# How to use diodes to achieve output of different voltages in a microcontroller?

The unidirectional conductivity of diodes can be used to design interesting and practical circuits. Share this article to analyze how clipping circuits and clamping circuits are implemented with diodes.

The unidirectional conductivity of diodes can be used to design interesting and practical circuits. Share this article to analyze how clipping circuits and clamping circuits are implemented with diodes.

Limiter circuit

As shown in the figure below, when in the positive half cycle, and VIN is greater than or equal to 0.7V, the diode is conducting forward. At this point, VOUT is clamped at 0.7V.

When VIN is less than 0.7V, the diode is in the off state, which is equivalent to the current reverse in the negative half cycle, and the diode is also in the off state. At this time, VOUT=VIN, and the VOUT waveform changes with VIN.

Radiation Limiting Circuit Diagram

According to the principle of the radiation limiting circuit above, the following bidirectional radiation limiting circuit can be designed.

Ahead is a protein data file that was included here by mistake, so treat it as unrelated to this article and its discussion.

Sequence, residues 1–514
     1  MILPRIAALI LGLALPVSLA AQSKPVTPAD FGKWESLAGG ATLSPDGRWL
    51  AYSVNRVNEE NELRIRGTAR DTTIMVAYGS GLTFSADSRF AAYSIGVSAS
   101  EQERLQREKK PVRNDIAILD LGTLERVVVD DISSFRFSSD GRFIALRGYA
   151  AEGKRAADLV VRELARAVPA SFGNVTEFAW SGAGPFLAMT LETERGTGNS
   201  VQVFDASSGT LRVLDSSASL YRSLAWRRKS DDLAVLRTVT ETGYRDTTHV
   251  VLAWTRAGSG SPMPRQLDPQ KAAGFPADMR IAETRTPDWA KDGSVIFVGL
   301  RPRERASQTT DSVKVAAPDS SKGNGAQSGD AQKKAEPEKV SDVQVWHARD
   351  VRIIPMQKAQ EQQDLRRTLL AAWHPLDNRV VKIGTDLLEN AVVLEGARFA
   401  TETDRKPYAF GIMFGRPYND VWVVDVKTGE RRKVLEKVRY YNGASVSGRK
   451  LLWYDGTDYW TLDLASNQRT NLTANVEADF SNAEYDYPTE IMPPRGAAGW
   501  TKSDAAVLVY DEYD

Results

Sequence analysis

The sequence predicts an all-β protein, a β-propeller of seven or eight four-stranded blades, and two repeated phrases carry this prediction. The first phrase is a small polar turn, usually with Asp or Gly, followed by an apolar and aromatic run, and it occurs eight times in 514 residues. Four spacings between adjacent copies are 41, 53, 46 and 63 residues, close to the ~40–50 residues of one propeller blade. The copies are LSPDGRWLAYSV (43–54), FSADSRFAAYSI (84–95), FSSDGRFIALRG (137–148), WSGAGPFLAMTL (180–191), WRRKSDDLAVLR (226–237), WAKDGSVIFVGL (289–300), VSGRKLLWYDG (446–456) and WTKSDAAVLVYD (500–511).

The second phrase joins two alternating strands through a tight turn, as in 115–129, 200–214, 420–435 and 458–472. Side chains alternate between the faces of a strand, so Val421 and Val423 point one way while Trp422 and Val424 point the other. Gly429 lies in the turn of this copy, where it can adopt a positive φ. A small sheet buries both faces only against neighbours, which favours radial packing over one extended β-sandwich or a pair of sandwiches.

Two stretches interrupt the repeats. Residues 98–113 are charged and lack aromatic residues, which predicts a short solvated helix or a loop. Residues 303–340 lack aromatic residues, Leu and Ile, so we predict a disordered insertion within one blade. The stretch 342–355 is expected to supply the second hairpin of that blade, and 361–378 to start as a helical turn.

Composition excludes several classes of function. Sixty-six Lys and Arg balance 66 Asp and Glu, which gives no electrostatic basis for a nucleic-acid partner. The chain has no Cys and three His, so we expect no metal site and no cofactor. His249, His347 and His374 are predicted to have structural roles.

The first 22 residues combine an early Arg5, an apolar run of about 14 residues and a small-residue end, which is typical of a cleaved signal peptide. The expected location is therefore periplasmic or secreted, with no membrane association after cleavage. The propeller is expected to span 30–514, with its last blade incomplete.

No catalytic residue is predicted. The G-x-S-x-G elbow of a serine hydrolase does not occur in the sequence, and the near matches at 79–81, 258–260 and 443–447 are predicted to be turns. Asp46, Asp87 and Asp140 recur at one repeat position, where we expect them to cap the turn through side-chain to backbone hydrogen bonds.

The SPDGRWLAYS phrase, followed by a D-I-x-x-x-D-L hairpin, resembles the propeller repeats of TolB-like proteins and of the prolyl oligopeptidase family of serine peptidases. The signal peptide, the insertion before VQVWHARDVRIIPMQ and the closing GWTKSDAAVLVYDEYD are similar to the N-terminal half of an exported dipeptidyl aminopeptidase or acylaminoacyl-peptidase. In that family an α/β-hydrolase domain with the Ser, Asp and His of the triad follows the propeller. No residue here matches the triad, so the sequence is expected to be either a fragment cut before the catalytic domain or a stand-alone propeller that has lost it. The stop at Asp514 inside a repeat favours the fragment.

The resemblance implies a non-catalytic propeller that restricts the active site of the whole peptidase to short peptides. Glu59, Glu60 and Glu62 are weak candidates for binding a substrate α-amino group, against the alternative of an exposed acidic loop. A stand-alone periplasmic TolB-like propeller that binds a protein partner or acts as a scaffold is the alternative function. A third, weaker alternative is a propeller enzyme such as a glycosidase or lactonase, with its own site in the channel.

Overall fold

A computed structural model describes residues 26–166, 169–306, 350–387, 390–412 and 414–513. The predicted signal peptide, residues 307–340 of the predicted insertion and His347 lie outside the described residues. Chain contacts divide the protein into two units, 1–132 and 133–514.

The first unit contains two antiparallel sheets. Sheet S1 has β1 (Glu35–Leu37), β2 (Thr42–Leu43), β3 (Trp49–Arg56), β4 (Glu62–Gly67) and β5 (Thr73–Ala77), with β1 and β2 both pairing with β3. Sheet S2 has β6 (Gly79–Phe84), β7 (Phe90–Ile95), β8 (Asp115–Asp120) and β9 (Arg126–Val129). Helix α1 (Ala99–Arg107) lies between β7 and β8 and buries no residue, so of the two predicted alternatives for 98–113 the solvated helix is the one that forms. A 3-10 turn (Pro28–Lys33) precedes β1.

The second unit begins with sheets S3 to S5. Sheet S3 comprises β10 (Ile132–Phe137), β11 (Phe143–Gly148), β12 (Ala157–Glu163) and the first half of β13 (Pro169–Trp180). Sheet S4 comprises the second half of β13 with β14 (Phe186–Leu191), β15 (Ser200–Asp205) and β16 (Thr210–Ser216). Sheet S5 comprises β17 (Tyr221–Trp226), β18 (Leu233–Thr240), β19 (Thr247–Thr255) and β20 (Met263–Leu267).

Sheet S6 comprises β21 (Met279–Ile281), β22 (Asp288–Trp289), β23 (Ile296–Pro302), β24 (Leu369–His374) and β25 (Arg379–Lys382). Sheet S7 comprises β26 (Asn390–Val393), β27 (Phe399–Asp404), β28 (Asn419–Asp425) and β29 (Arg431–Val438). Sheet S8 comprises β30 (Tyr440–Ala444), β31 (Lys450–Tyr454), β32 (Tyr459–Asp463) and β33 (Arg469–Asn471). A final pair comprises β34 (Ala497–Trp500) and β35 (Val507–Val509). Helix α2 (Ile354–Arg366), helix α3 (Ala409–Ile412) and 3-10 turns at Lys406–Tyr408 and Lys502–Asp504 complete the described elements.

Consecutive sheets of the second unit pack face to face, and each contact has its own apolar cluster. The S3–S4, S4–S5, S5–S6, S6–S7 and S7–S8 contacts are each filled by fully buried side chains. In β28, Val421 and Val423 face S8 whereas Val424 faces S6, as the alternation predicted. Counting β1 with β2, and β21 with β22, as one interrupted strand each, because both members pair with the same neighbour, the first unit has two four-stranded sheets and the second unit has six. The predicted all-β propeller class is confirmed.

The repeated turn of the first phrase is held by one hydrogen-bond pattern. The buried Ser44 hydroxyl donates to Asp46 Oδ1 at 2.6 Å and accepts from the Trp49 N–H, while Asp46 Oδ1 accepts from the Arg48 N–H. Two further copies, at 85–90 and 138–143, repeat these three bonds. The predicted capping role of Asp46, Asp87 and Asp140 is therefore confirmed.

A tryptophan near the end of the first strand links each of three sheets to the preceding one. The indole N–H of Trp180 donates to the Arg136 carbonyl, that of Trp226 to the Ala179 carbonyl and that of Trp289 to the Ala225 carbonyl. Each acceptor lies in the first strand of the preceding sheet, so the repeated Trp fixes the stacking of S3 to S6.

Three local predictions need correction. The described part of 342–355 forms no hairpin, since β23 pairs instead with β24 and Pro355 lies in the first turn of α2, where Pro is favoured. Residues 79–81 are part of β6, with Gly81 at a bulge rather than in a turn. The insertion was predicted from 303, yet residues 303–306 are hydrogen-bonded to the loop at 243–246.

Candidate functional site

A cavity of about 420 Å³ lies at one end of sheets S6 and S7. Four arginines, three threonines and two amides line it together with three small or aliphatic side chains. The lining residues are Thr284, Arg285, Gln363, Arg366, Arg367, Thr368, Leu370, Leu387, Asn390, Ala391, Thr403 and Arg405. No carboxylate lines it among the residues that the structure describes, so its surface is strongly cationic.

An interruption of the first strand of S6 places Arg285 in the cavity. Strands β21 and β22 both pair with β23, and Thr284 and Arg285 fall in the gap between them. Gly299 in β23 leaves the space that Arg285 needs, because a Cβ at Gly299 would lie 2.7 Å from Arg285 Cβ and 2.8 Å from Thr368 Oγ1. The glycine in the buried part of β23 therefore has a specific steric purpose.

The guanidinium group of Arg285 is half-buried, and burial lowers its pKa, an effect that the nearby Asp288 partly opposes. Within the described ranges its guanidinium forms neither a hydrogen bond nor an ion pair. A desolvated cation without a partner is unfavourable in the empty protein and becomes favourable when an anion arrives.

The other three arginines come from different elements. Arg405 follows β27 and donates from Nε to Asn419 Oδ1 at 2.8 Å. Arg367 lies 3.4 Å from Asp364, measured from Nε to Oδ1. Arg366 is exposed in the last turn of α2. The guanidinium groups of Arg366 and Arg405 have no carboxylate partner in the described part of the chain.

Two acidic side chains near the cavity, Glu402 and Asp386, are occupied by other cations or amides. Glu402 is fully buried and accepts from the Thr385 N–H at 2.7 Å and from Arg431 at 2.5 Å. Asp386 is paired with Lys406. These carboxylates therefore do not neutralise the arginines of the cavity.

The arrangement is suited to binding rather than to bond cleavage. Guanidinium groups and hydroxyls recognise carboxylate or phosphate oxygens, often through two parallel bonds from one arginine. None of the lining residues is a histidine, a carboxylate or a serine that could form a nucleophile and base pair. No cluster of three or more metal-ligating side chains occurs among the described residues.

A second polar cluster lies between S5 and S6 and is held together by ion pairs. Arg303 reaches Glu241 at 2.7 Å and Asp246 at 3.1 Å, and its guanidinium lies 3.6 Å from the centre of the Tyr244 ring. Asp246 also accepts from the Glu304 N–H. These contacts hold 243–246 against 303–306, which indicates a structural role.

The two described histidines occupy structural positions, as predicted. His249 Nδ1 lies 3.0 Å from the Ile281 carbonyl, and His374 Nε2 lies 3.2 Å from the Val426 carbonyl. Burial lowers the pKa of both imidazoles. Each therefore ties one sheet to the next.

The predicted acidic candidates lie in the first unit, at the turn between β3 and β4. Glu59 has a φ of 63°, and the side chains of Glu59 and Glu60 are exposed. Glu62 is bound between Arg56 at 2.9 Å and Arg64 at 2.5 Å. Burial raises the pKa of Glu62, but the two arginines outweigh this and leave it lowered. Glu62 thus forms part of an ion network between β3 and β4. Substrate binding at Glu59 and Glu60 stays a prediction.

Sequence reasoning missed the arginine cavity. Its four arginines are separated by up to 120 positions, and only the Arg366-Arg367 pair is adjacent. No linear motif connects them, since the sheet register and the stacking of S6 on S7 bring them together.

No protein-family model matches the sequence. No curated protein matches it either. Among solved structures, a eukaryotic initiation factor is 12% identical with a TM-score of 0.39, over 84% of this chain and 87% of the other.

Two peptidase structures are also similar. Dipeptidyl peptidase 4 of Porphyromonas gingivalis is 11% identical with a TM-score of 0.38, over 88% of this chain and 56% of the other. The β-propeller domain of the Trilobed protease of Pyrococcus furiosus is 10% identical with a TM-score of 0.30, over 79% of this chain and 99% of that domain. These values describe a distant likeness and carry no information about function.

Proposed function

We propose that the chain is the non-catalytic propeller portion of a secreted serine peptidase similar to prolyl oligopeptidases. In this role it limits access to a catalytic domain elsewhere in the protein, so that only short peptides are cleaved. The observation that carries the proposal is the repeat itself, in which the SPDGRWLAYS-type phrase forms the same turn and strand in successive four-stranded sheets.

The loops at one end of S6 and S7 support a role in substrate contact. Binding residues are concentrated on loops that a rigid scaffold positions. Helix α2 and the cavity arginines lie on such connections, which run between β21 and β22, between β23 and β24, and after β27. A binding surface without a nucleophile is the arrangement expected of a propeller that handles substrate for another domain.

Bidirectional Radiation Limiting Circuit Diagram

However, sometimes the 0.7V voltage can not meet the requirements, so how to generate the clipping voltage of different sizes? The bias voltage VBIAS is added to the circuit, and the diode can be turned on only when VIN is greater than or equal to VBIAS. At this time, VOUT is clamped, and its value is 0.7V+VBIAS, as shown in the figure below.

Schematic diagram of bias limiting circuit

clamp circuit

The following is a clamp circuit implemented by a diode combined with a capacitor. The diode conduction drop is not considered in the analysis, assuming that the RC time constant is large enough so that the output waveform is not distorted.

Clamp Circuit Principle

When the input Vin is negative during the negative half cycle, the current is shown by the red arrow in the figure below. The diode is turned on and the capacitor is gradually charged to V, during which Vout=0.

When the input Vin is positive in the positive half cycle, the current is shown by the blue arrow. The diode is cut off, Vout is equal to the voltage on the capacitor plus the positive half-cycle voltage V, at this time Vout=2V.

Clamp Circuit Principle

Bias Clamp Circuit

Similar to the limiter circuit, in order to obtain the required clamping value, a bias voltage should be added to the circuit, as shown in the figure below.

Bias Clamp Circuit

When the applied bias voltage is consistent with the conduction direction of the diode, the clamping value will increase by V1, Vout=2V+V1.

Application example of bidirectional diode clamp circuit

In some circuits, the clamping effect of two diodes is used for protection, as shown in the figure below, assuming that 0.7V is the turn-on voltage of D1 and D2.

Vin is greater than or equal to Vmax, D1 is turned on, and Vout will be clamped at Vmax

When Vin is less than or equal to Vmin, Vout is clamped at Vmin

Diode Clamp Protection Circuit

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